INTERVIEW by GARY GOLDMAN | PHOTOGRAPHY courtesy of JINGNAN & CHRIS
You might have noticed that, throughout this special auto-themed week, we’ve featured quite a few academics: professors, researchers, scientists… The reason for that, simply being, is that the greatest innovations in the transportation industry have indeed started in a lab. A team of MIT scientists (led by Anthony Siskey and composed of Christopher Brigham, Claudia Gai, and Jingnan Lu) might have made one of the most exciting discoveries yet regarding energy independence, by convincing a soil bacterium — one of the smallest and most abundant microbes in the soil — to turn carbon into gasoline. That’s right: the fuel for your car could soon come from a simple soil bacteria called Ralstonia eutropha.
Oh, and if you’re an innovator and think you’ve got an idea — like Chris’s and Jignan’s — that will change the world, check out NissanInnovationGarage.com; they’re providing two outstanding innovators with $50,000 to jumpstart their ideas. (Plus a new Altima. Plus a Kickstarter campaign.) It could be you, so don’t hesitate! You might be our next BR!NKer.
First off, congratulations on the publication of your article in Applied Microbiology and Biotechnology. How has the reception been?
CB: Very, very good. I’m a little surprised, to be quite honest! I think it goes to show that biofuels should not be underestimated.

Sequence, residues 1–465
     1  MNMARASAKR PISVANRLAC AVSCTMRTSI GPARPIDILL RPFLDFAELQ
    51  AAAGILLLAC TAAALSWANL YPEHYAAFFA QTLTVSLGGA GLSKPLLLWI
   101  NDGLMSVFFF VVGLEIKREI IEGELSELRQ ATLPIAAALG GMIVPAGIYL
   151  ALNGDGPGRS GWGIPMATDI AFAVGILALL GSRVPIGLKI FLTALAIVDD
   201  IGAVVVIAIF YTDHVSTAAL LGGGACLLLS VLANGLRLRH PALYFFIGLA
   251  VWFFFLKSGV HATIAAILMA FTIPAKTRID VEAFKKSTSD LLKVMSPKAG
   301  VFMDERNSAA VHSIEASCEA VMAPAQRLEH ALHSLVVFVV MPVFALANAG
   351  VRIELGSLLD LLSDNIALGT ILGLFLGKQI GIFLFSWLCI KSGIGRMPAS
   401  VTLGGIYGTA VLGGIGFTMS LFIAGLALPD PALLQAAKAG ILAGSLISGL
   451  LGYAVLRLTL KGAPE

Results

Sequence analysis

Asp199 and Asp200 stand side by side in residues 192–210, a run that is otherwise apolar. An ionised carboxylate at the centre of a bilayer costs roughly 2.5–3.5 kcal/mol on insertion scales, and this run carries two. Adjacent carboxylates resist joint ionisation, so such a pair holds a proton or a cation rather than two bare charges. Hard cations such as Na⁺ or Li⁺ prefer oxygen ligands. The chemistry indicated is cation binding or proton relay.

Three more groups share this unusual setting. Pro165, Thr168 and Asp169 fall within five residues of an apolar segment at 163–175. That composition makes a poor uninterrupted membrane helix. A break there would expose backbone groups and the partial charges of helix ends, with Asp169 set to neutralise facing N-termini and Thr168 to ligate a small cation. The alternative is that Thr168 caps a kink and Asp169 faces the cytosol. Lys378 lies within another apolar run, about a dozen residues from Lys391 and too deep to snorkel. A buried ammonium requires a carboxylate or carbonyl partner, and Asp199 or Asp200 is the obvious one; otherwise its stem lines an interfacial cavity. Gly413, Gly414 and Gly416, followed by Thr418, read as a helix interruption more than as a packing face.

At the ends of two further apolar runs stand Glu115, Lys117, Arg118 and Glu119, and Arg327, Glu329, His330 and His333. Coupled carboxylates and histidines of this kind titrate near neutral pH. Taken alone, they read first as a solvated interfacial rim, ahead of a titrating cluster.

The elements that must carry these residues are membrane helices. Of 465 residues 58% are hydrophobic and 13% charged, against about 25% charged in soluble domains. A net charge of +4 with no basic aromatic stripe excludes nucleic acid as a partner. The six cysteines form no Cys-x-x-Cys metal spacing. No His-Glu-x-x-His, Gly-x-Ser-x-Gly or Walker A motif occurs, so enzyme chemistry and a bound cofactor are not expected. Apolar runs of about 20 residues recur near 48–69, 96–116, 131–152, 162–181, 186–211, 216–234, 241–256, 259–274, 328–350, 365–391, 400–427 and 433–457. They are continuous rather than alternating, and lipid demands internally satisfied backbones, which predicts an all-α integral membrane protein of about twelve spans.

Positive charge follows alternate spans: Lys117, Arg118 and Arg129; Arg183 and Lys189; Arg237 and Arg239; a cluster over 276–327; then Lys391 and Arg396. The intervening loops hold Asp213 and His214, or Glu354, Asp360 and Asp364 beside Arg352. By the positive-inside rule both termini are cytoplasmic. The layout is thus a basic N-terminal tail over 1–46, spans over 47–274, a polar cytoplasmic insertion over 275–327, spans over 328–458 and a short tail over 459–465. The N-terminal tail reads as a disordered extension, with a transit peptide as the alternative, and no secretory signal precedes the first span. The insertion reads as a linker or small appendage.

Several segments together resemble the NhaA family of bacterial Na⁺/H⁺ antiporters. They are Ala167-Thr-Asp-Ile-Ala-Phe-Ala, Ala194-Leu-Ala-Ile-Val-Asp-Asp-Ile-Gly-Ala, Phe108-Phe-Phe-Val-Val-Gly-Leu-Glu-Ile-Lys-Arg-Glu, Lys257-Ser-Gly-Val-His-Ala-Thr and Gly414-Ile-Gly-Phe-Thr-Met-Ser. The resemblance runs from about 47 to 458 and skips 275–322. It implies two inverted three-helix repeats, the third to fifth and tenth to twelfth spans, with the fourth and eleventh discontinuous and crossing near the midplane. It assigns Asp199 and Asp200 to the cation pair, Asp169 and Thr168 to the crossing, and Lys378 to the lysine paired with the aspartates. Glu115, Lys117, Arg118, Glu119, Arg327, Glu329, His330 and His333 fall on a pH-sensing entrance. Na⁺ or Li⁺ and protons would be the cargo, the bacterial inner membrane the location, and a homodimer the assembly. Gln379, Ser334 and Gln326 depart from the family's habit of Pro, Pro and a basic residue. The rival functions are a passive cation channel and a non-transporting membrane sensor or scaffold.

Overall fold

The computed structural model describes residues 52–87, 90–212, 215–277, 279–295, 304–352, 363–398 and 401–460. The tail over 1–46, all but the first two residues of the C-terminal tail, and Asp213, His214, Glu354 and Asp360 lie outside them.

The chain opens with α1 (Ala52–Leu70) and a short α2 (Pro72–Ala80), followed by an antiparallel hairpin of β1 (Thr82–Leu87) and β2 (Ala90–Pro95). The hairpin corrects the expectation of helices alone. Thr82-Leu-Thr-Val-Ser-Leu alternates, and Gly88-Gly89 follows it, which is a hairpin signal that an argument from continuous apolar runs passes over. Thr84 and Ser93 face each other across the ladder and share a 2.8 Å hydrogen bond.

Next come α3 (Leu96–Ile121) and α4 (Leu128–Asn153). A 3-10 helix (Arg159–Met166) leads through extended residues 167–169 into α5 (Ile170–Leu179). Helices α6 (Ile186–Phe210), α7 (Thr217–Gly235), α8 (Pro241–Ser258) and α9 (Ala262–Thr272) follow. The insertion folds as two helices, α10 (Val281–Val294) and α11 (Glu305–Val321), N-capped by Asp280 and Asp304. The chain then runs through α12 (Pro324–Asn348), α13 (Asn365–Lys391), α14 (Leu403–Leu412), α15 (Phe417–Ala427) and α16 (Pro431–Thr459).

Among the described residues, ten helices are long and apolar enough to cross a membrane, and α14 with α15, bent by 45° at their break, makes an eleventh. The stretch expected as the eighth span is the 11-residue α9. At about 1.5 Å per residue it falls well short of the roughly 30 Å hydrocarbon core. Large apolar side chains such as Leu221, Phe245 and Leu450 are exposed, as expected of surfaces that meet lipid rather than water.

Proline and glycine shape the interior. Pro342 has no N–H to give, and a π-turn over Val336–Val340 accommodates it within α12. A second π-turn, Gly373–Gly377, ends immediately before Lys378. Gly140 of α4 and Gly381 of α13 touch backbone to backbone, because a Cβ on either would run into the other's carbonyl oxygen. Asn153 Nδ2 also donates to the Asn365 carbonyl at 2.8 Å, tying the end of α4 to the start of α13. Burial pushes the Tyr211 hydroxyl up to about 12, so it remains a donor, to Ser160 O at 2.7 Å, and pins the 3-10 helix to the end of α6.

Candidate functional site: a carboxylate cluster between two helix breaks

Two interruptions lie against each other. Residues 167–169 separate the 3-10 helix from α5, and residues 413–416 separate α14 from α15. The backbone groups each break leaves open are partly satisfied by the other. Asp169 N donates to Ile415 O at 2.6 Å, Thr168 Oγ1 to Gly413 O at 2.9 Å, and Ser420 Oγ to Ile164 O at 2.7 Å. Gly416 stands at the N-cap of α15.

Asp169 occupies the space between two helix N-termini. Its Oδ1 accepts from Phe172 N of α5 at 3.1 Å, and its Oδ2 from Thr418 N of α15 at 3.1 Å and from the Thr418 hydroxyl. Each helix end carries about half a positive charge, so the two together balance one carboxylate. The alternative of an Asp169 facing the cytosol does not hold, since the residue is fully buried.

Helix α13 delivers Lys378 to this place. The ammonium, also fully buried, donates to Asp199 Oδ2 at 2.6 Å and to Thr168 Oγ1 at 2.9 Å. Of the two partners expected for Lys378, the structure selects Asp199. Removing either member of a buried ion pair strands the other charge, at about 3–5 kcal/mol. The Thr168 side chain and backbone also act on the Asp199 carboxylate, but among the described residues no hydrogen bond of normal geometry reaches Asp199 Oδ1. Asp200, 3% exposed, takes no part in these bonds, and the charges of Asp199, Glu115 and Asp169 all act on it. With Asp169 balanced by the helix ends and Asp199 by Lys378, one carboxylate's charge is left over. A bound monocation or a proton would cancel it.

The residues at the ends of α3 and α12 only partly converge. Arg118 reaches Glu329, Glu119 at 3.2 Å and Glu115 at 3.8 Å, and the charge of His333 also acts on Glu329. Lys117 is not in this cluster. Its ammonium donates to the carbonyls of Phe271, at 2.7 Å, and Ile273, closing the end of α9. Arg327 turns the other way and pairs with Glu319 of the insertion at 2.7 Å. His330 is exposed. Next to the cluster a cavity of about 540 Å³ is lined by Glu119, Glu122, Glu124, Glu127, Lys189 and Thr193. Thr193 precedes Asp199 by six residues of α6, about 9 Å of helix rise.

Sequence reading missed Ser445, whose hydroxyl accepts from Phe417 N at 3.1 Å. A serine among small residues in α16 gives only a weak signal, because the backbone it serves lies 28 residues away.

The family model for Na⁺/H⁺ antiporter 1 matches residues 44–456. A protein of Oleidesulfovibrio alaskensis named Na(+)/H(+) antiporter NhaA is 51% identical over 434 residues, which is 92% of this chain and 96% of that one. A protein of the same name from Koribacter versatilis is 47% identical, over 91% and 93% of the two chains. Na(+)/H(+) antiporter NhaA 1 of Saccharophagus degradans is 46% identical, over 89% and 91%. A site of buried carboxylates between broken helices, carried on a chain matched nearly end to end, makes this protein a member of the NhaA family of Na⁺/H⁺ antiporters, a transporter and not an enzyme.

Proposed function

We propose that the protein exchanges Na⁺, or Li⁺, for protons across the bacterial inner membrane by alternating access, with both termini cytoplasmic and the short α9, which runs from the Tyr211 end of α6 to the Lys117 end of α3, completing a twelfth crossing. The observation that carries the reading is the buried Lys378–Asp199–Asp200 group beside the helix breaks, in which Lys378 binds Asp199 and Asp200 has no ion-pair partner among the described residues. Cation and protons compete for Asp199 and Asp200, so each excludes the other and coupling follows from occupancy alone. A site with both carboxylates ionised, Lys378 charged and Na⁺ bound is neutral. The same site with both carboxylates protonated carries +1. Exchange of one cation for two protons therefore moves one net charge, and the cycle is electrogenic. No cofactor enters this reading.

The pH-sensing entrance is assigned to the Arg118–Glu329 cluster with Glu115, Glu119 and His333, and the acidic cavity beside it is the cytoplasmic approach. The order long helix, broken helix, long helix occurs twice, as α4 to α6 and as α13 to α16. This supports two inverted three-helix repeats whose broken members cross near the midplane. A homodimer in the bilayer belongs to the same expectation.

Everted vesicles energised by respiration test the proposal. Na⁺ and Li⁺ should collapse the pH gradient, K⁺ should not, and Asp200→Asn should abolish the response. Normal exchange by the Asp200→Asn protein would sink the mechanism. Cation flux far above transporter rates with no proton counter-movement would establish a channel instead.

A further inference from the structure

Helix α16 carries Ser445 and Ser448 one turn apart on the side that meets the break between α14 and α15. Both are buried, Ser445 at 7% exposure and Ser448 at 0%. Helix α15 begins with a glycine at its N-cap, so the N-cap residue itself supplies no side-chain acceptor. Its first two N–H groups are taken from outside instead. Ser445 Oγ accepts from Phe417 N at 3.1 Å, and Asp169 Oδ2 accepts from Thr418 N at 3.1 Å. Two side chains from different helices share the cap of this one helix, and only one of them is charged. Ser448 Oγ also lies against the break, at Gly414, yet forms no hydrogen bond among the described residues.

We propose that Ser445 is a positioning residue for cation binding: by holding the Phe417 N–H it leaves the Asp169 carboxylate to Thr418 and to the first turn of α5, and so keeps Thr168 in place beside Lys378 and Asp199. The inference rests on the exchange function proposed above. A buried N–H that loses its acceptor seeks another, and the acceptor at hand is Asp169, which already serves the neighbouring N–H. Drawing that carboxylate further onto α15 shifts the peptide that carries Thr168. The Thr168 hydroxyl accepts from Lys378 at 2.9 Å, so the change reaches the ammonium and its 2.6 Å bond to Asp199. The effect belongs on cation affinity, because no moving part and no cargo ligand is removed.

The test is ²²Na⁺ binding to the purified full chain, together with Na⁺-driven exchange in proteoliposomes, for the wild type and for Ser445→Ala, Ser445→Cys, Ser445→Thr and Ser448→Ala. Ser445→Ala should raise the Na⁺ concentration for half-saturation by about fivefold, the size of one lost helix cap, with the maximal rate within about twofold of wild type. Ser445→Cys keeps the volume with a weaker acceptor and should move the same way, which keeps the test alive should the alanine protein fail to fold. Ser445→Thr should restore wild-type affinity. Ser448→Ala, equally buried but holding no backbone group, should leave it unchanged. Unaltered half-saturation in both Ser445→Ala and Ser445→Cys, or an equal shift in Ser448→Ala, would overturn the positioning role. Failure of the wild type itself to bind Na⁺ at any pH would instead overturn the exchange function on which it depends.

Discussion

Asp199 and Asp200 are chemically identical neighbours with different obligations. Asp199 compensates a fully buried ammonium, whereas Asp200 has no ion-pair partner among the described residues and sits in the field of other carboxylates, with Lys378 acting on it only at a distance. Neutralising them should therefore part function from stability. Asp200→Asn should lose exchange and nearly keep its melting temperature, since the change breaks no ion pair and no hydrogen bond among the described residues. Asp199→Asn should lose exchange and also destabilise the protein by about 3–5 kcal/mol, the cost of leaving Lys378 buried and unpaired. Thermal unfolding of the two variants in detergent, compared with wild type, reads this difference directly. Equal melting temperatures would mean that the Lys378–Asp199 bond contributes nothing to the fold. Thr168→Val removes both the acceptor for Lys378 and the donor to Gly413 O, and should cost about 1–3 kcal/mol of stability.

Before going deeper inside your current research, what is the ultimate goal you and your team are trying to accomplish within the world of transportation?
CB: We want to make biofuels. Something that will take the place of and/or augment the petroleum-based fuels that we’re using now, and to do so as inexpensively as possible.
CB: We want to look at an inexpensive carbon stream with which to produce our biofuels using our biocatalyst, which is the Ralstonia eutropha bacterium. Luckily, it is a soil bacteria that can use all sorts of different carbon compounds as food, including carbon dioxide. All you really need to do is concentrate CO2 from a steel plant, coal fire plant, or any of these inexpensive sources of carbon. From there, we can grow the cell autotrophically in the presence of carbon dioxide, hydrogen, and oxygen — and produce isobutanol, which is our biofuel of choice currently.
Ralstonia eutropha bacteria are being used to produce biofuel. Image courtesy of Christopher Brigham